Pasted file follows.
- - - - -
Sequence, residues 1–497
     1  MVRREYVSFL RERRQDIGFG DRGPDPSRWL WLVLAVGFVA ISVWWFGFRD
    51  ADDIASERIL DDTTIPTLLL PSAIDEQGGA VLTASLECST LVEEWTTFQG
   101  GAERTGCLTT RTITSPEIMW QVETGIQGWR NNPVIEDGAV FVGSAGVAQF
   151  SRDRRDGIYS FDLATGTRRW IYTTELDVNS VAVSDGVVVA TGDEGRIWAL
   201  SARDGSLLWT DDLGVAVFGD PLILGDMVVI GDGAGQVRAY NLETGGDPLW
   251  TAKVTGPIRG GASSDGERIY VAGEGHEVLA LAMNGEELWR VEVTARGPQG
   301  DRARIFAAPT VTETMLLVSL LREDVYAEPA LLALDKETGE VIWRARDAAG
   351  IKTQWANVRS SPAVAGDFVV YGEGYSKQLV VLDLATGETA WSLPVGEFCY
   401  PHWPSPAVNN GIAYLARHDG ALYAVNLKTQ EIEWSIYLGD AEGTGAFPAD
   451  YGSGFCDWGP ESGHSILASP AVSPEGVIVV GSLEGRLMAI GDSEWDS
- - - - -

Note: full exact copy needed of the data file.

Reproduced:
Sequence, residues 1–497
     1  MVRREYVSFL RERRQDIGFG DRGPDPSRWL WLVLAVGFVA ISVWWFGFRD
    51  ADDIASERIL DDTTIPTLLL PSAIDEQGGA VLTASLECST LVEEWTTFQG
   101  GAERTGCLTT RTITSPEIMW QVETGIQGWR NNPVIEDGAV FVGSAGVAQF
   151  SRDRRDGIYS FDLATGTRRW IYTTELDVNS VAVSDGVVVA TGDEGRIWAL
   201  SARDGSLLWT DDLGVAVFGD PLILGDMVVI GDGAGQVRAY NLETGGDPLW
   251  TAKVTGPIRG GASSDGERIY VAGEGHEVLA LAMNGEELWR VEVTARGPQG
   301  DRARIFAAPT VTETMLLVSL LREDVYAEPA LLALDKETGE VIWRARDAAG
   351  IKTQWANVRS SPAVAGDFVV YGEGYSKQLV VLDLATGETA WSLPVGEFCY
   401  PHWPSPAVNN GIAYLARHDG ALYAVNLKTQ EIEWSIYLGD AEGTGAFPAD
   451  YGSGFCDWGP ESGHSILASP AVSPEGVIVV GSLEGRLMAI GDSEWDS